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BORSCHT IN ACTION PT. 7

Last summer and fall the team of the Mobile Cultural Center Gurtobus, together with renowned local chefs, cooked and sampled borscht made from local recipes in twelve towns and villages around Ukraine. The Gurtobus team invited participants to have a meal and fill in questionnaires about local recipes and the culture of borscht. The Gourtobus Field Kitchen created a casual atmosphere, turning the project's temporary public space into something more than a place for standard workshops, film screenings and lectures. 

As part of the Gurtobus’ interactive gastronomic study project, we are sharing a series of weekly borscht recipes from all over Ukraine. The full results of the project will be published in our forthcoming anthropological report and interactive map, and you can help by providing data for the next study cycle with our online borscht survey!

In the meantime, we invite you to take part in our #BorschInAction online challenge. Each week, we feature a new recipe from the chefs of the towns and villages we visited in 2019, and you can share your own family borscht recipe with photos and the #borschtinaction hashtag on Instagram or Facebook!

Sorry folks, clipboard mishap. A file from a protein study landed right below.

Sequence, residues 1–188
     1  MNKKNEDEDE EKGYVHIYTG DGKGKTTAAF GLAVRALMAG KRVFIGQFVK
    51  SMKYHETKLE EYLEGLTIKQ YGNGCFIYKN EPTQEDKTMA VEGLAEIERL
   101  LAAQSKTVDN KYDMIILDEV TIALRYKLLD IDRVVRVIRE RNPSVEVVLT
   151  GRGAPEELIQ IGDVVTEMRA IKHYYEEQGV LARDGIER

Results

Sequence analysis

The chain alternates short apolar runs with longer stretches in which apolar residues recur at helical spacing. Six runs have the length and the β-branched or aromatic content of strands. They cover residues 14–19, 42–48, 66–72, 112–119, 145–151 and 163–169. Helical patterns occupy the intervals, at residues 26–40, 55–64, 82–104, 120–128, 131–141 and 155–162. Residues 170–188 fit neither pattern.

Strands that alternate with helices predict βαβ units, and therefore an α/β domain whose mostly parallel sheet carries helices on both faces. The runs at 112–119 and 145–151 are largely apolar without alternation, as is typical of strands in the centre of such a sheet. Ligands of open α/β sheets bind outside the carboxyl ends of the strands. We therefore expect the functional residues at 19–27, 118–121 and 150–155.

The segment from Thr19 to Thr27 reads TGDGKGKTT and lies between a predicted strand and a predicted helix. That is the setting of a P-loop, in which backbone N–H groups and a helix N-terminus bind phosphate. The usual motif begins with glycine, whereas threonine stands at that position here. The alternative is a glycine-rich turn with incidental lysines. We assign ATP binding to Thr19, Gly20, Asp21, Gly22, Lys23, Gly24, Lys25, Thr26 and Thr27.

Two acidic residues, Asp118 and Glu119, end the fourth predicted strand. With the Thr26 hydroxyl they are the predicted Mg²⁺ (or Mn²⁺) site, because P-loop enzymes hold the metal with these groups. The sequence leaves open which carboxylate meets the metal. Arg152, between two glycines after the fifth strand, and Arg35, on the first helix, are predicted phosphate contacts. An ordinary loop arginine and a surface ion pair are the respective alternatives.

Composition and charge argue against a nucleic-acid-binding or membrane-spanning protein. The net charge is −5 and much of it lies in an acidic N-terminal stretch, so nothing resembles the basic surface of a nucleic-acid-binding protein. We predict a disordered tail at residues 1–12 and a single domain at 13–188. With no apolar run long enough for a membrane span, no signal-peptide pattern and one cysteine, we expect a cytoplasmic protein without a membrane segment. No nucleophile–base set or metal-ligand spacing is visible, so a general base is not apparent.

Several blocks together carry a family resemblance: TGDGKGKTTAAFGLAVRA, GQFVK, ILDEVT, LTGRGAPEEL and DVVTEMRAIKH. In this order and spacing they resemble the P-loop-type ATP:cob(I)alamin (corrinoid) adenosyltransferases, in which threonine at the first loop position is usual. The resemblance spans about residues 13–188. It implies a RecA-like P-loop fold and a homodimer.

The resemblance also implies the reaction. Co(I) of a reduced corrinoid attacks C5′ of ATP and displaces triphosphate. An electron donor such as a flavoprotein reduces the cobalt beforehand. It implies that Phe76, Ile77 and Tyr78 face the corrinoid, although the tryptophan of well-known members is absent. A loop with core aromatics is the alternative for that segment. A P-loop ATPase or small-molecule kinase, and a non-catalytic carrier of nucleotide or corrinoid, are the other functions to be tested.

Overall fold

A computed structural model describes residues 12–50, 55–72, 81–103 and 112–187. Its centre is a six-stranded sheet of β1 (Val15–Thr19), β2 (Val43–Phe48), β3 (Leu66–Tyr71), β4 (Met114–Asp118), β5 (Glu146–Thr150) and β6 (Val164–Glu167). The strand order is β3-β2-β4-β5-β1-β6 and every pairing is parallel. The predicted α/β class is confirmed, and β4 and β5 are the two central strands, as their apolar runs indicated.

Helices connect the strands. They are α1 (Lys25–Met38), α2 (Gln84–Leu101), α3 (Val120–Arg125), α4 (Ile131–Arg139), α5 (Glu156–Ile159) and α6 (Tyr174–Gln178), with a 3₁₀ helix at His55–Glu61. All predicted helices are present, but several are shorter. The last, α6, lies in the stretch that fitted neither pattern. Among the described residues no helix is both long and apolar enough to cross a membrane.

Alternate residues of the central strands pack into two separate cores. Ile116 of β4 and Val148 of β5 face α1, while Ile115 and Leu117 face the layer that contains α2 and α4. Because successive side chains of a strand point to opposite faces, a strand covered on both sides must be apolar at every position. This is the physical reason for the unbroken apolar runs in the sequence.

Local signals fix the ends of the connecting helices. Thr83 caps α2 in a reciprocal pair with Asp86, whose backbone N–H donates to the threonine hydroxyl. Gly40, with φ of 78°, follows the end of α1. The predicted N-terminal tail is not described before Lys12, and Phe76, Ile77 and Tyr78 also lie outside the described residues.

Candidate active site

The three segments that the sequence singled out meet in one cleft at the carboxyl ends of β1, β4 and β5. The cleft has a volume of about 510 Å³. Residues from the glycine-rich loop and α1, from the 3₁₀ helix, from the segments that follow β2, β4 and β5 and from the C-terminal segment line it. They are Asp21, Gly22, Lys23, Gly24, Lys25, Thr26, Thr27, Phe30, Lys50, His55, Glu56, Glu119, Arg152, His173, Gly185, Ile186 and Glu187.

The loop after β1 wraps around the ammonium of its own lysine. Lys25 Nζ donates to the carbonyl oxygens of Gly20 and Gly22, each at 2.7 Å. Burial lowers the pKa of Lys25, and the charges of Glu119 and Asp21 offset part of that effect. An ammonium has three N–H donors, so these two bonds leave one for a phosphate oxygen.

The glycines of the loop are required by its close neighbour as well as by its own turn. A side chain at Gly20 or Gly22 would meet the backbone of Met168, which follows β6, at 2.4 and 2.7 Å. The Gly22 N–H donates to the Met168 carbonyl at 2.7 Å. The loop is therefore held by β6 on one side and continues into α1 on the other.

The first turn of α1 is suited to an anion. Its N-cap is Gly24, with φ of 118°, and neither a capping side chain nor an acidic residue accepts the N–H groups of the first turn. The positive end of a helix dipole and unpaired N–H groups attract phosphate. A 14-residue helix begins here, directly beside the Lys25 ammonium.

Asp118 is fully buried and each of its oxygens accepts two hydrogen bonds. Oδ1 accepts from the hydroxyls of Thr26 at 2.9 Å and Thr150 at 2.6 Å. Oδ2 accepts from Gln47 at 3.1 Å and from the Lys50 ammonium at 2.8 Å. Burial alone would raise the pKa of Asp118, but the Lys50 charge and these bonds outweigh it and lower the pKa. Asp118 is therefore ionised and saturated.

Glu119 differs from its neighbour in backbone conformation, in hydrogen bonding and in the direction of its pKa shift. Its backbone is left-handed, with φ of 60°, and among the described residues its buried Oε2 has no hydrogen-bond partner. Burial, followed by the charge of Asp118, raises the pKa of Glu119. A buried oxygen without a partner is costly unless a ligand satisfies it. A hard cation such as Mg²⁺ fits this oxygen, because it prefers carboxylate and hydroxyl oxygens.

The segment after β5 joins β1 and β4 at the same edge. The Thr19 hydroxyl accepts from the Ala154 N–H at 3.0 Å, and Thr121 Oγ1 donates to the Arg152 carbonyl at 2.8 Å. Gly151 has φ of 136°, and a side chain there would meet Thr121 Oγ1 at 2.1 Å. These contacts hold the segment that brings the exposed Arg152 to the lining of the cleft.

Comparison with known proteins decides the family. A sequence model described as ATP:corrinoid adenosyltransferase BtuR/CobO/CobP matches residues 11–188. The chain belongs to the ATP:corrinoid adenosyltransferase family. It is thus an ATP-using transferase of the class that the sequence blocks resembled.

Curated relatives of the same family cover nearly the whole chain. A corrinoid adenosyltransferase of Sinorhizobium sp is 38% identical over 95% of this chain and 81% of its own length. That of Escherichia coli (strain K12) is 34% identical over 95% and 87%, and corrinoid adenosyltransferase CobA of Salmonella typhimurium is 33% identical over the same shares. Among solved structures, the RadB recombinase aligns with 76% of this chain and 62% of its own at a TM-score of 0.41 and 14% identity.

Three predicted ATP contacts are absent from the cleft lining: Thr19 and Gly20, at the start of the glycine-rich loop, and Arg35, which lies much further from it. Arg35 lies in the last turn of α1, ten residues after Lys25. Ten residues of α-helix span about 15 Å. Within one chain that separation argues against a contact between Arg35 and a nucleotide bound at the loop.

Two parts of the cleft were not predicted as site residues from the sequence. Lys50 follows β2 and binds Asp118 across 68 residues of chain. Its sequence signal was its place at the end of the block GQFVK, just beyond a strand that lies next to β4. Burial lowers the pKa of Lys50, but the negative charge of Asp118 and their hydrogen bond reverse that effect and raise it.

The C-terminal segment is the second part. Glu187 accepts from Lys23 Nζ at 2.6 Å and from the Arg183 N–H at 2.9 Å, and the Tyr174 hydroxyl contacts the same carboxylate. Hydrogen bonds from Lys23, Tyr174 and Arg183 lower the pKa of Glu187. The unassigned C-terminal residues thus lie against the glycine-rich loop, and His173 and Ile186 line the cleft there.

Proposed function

We are grateful to our local partner "AMER Prykarpattya" for help organizing the event and chef Pavlo Petriv for the recipe:

This recipe makes 5 liters of borscht. 

Wash 700 g of pork ribs and boil for 1.5 hours, periodically removing the foam from the surface. In order to keep the broth transparent, you should not cover the pot with a lid until mixing in the zasmazhka*. 

After cooking the ribs at a low boil for an hour, add an additional 400g of smoked ribs and 5-6 potatoes chopped into cubes to the pot. In a saucepan, sauté lard, onions and carrots, also cut into small cubes. Sauté until tender. In a separate saucepan, sauté 2-3 beets cut into strips for 7-10 minutes. Stir 3 tbsp of tomato paste mixed with mayonnaise into the beets. Add garlic, sugar, salt and pepper and 2-3 tbsp. of honey.

Mix the contents of both saucepans together and simmer for 10-15 minutes. While the combined zasmazhka is cooking, shred a quarter of a white cabbage and add it to the broth with potatoes and meat. When the cabbage is almost ready (no longer crunchy), add the zasmazhka to the broth, bring to a boil and keep on low heat for a few minutes. 

If you want the borscht to be bright red, squeeze the juice from one small beet and add it just before removing the pan from the heat. For additional flavor, you can add lard and garlic mashed together in a mortar.

For a fully infused flavor, allow the borscht to sit at least 1–2 hours, or even overnight.

Before serving, garnish each bowl of borscht with fresh herbs, sour cream and a slice of lemon.

*Zasmazhka is a Ukrainian word without a direct English equivalent, meaning pan sautéd vegetables used for soup base. See our previous posts for variations on zasmazhka.